Corny but true! This is a catch phrase from a good friend of mine. We all need regular reminding that in our training & racing the safety of ourselves & others should be of paramount importance.
I was further reminded of this today when I was watching a road cycling race on part closed roads, when part of the bunch decided to overtake a bus on the inside, whilst a group (they were the minority) took the sensible option & stayed behind the bus until it was safe to move forward. This careless manoeuvre by the bunch amounted to nothing as they were told to neutralise & regroup (in this race riders are not allowed to overtake vehicles). Absolutely nothing was gained by this manoeuvre, but if an accident had occurred, think of the consequences 1. for the Bus driver, 2. for the Riders, 3. for the family & friends of the driver & rider, 4. for the future of that event. Therefore it goes without saying, always take the safe option & obey marshals & the rules of the event.
Safety In Training (this is not an exhaustive list & athletes should seek their own independent advice for correct safety procedures, this is more of an overview & to alert athletes to consider safety options).
Remember it is training & not racing. We are all addicted to going faster & getting a pb even in training, but never put this ahead of safety. Always obey the highway code (red lights, stop signs, roundabouts etc etc), always look (in front & behind) before changing lanes, moving off your line, stop at kerbs & look before crossing roads. This is by no means an exhaustive list, but you should get the gist. The only time we should be aiming to complete a PB is in our races & particularly our ‘A’ races, you will not be able to do this if you don’t make it to race if you do not always take the safe option.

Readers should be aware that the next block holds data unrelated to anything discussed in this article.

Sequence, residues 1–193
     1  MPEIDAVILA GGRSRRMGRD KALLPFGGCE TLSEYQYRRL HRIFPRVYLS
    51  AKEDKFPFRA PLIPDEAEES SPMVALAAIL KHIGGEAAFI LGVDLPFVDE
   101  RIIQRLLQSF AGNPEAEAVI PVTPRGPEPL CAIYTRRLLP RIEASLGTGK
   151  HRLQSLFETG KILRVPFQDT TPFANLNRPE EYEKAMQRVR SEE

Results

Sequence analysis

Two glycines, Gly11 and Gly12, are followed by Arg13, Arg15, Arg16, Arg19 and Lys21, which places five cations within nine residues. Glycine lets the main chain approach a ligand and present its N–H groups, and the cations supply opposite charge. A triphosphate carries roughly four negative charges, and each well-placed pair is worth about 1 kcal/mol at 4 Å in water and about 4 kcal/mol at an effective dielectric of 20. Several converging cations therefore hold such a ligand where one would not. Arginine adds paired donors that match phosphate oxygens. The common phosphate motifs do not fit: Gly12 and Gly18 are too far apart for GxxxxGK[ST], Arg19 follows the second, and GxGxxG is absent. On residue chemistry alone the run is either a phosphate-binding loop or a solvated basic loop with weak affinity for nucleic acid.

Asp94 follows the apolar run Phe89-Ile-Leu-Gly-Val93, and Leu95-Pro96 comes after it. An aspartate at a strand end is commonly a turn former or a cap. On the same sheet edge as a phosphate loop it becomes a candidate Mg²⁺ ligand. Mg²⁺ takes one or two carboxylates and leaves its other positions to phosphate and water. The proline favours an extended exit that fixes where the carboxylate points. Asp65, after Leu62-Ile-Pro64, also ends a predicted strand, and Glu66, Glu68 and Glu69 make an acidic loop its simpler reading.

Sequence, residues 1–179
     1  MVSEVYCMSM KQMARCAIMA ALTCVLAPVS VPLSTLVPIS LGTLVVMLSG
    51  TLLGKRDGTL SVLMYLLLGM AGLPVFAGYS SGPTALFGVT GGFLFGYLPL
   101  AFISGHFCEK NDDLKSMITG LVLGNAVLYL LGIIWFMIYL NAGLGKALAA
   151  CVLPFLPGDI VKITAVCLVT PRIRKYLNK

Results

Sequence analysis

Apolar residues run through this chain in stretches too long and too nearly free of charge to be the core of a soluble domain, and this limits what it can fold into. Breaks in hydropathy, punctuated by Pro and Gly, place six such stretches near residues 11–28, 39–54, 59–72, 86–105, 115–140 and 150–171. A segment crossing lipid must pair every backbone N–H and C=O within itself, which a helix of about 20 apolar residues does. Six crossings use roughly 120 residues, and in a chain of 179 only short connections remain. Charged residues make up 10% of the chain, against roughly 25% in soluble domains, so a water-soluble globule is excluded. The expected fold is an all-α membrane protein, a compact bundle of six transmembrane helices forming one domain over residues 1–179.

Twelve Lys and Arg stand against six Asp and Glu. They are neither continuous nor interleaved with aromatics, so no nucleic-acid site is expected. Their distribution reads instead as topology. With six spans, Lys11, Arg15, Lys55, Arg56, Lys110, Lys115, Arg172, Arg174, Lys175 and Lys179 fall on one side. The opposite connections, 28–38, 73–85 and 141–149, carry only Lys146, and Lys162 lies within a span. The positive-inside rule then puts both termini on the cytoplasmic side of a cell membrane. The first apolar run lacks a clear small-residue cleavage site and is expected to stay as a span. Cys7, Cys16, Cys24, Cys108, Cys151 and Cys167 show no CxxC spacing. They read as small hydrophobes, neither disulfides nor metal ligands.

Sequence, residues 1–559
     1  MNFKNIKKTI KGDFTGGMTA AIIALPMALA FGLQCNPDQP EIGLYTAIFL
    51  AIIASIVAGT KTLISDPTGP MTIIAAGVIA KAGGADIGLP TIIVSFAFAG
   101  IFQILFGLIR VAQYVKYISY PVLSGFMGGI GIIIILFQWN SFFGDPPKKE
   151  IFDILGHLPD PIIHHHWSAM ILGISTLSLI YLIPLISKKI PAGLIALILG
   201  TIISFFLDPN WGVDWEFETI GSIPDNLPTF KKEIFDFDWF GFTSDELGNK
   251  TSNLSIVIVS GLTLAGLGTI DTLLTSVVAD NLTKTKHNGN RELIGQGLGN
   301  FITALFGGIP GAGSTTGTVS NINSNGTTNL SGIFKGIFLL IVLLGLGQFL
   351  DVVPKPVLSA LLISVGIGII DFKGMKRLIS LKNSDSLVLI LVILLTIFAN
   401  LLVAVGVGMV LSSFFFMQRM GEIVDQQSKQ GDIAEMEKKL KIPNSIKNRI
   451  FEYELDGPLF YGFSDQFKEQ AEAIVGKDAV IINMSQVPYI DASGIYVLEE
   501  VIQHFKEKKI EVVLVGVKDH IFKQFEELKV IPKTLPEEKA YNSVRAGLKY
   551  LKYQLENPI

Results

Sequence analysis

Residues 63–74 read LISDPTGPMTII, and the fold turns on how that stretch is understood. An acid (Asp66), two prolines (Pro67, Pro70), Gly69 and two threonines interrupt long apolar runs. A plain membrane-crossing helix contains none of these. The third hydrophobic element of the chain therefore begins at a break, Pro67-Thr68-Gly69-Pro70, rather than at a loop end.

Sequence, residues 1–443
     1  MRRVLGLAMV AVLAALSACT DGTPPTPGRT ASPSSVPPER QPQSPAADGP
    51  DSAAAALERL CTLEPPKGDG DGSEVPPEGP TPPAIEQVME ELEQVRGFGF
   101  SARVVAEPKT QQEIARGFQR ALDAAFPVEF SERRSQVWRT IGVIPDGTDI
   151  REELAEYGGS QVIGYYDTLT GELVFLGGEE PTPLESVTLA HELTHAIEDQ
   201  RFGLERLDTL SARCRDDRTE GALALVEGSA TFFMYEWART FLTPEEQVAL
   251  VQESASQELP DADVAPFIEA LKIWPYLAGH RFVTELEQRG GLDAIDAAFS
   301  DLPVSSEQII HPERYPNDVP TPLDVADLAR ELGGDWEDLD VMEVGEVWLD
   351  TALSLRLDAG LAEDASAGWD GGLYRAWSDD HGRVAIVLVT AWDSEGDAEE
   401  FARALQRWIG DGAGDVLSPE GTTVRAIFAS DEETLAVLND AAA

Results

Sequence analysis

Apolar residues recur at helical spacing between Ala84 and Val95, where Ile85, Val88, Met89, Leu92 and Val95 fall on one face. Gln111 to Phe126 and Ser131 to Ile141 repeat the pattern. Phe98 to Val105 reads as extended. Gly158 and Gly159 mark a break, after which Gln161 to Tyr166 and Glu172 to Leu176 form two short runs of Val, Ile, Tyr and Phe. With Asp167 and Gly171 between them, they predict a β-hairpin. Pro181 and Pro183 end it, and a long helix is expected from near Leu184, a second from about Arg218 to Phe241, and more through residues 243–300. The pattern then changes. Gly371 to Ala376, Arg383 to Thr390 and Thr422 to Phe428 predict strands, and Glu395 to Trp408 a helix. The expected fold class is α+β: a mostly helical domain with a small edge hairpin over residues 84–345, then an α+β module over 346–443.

Swimming, Pool swimming, not too much should need to be said, however, check there is a life guard on duty & their position, check the direction of the lanes (clockwise or anticlockwise), ensure you are in the correct lane (Fast, Medium, Slow, Recreational), be aware of other lane users & don’t start a new length if a swimmer is about to turn for their next length, let faster swimmers overtake at the turns. If you show respect to your fellow swimmers hopefully they will show respect in return.
Open Water, Never swim alone (use the buddy system), always wear a bright coloured swim cap, only swim where it is designated for swimming. Preferably swim at a venue specifically set up for open water swimming with life guards in attendance, only swim in waterways that you are familiar with & know. Only swim in open water if you are a competent & confident swimmer, if not I suggest you seek out instruction on open water swimming.
Cycling: As stated above always obey the highway code and wear a helmet. If training in low light, night or early morning have bright lights at both the front & rear & wear reflective gear and brightly coloured clothing. Always look over your shoulder when starting to ride or changing lanes, be aware & observant of your surroundings. If cycling in a group cycle either two abreast (nice & close together) or single file, try to keep the groups small 10 (recommended) – 16 cyclists. Indicate your actions to other cars & cyclists, communicate (call or sign) all road conditions to other cyclists (eg hole, glass, stopping etc), if you hear a call pass it on. Carry a mobile phone & ID.
Running: If training in low light, night or early morning wear bright colours with reflective strips on your clothing, stop at a kerb, look & wait for other road users (trucks, buses, cars, bikes etc) prior to crossing a road. Obey traffic signals (i.e. don’t walk), do not run alone in isolated areas, carry id. If you must run with music, only have one ear piece in & keep the volume low so you can hear what is going on around you. I personally think it is safer to run without music.
Safety in Racing
Most of the principals above apply in racing. Obey the rules of the race, listen to the race briefing & obey the instructions of the marshals. Of particular importance be aware of other competitors & their actions, particularly on the bike, at the mount & dismount areas & in transition.
Whilst lengthy but not exhaustive, hopefully this has provided enough food for thought to always treat your safety as important.